Telkom is dragging the Independent Communications Authority of South Africa (Icasa) to court over its decision to scrap asymmetric mobile termination rates (MTRs) for smaller mobile network operators.
Termination rates are the fees operators pay one another when customers on one network make calls to those on another.
In its interim results for the six months ended September 2022, Telkom said Icasa had concluded that only new mobile network players might qualify for asymmetric MTRs, while a 20% threshold to qualify for termination asymmetry must also be dropped.
“Telkom has filed a court application to review and set aside the determinations in Icasa’s findings document arguing that the conditions upon which asymmetry was conceived persist, that the findings are irrational and that they do not promote competition,” the operator said.
Mobile termination rates have plummeted from about 125 cents per minute in 2009 to 13 cents per minute in 2017, resulting in substantial price reductions on voice calls for consumers.
Icasa’s findings come after it published its discussion document on MTRs in November 2021 for public comment, proposing the MTRs be scrapped, and all incumbents charge one another the same rate.
Those proposals were previously heavily criticised by Telkom and Cell C.
Telkom argued that it and Cell C were yet to reach the minimum efficient scale to compete effectively.
“The Authority’s [Icasa’s] proposal to remove the pro-competitive MTR asymmetry for existing mobile operators comes at a time when Vodacom and MTN continue to hold a duopoly position in the retail mobile market with a combined market share of 82% in terms of mobile voice subscribers, and 88% of mobile voice revenues in 2020,” Telkom said.
Vodacom and MTN support scrapping the MTRs, with the latter joining Icasa in opposing Telkom’s legal challenge.
The table below shows the mobile subscribers and market share of Vodacom, MTN, Telkom, and Cell C according to their latest available financial results.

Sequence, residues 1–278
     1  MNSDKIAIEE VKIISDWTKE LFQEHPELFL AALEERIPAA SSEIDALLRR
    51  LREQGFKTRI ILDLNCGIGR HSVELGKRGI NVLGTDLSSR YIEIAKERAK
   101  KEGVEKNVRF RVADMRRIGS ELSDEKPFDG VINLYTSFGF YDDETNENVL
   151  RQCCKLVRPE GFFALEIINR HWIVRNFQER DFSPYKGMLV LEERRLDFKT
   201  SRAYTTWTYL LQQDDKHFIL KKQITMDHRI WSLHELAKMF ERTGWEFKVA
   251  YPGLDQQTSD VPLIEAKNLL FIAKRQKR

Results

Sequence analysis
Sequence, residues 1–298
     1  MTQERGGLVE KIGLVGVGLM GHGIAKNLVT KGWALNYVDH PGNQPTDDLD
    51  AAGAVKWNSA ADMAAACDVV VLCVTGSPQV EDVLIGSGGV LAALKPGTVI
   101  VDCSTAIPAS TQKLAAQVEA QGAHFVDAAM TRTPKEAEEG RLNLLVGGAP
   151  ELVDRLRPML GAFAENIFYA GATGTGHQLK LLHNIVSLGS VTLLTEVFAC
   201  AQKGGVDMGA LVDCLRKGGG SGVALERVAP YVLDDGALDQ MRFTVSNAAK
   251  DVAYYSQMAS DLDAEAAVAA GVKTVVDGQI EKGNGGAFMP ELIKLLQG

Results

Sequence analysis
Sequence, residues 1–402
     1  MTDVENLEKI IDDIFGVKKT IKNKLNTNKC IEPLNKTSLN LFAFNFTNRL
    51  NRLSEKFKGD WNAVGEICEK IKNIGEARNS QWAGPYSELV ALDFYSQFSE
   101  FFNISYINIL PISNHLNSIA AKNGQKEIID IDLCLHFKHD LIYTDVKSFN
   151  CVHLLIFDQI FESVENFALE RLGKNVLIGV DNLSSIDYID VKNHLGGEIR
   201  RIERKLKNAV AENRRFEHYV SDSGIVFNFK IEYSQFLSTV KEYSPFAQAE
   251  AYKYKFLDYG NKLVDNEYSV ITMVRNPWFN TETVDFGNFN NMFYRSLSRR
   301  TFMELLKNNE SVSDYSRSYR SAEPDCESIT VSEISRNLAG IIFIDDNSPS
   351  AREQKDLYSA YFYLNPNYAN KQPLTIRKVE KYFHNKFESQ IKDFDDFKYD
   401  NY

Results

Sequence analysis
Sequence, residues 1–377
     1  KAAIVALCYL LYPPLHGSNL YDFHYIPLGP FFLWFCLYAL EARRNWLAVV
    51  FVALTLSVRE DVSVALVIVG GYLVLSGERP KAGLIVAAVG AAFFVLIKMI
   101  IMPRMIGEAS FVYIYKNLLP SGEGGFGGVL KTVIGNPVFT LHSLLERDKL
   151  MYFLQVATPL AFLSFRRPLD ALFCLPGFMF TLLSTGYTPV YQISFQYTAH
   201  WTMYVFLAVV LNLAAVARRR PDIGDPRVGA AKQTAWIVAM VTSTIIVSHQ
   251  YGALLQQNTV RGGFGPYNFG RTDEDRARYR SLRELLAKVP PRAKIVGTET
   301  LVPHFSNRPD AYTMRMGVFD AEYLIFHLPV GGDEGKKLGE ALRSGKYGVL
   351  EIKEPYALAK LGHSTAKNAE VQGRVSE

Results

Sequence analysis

Their revenue market share based on their most recent annual results is also shown in the table and chart below.
A recent revealed that Vodacom gained market share at the expense of Telkom and Cell C over the past nine years.
|Biggest mobile networks in South Africa — Subscribers and market share|
|Mobile network||Number of subscribers||Subscriber market share||Revenue market share (2021)|
|Vodacom (September 2022)||45.51 million||40.56%||43%|
|MTN (September 2022)||35.88 million||31.98%||26%|
|Telkom (September 2022)||18.02 million||16.06%||23%|
|Cell C (June 2022)||12.79 million||11.42%||8%|
As it stands, Telkom and Cell C are allowed to charge 13 cents to terminate a call on their networks, while Vodacom and MTN may only charge 9 cents.
These asymmetric MTRs were intended to level the playing field between the older networks and newcomers to increase competition in the market to the benefit of subscribers.
While Vodacom and MTN were launched in South Africa in 1993 and 1994, Cell C and Telkom Mobile have only been around since 2001 and 2010, respectively.
Telkom held a 50% share in Vodacom until 2008, and it only decided to launch its own mobile network after selling its stake for around R22.5 billion.
Due to their greater economies of scale, the two larger networks incurred much lower costs per call, making it difficult for the new players to compete while still building out their networks.
Vodacom and MTN allegedly also agreed to push their MTRs up from 20 cents per minute to R1.25 in the lead-up to Cell C’s launch,
This culminated in Icasa passing call termination rate regulations in 2010, and revising them on several occasions after that.
Those revisions included a glide path that would see MTRs reduced over time, as the gap between the bigger and smaller networks started to shrink.
The latest glide path is as follows:
- October 2014 to September 2015 — 31 cents vs 20 cents
- October 2015 to September 2016 — 24 cents vs 16 cents
- October 2016 to September 2018 — 19 cents vs 13 cents
- October 2018 to September 2019 — 18 cents vs 12 cents
- October 2019 to September 2020 — 16 cents vs 10 cents
- October 2020 to current— 13 cents vs 9 cents
Vodacom and MTN’s arguments in support of a switch to symmetric MTRs between the incumbents include that it would be in line with international best-practice, such as in Europe.
However, Cell C said comparing South Africa’s operating environment to Europe would be “wholly inappropriate”.
“The progression of South Africa’s mobile market does not in any way, resemble modern European markets, but rather the European markets of the early 2000s, prior to the push for symmetry in those markets that only began in the early 2010s,” the operator said.
Cell C further contended that true voice call cost-reflectivity only came about in the past three years.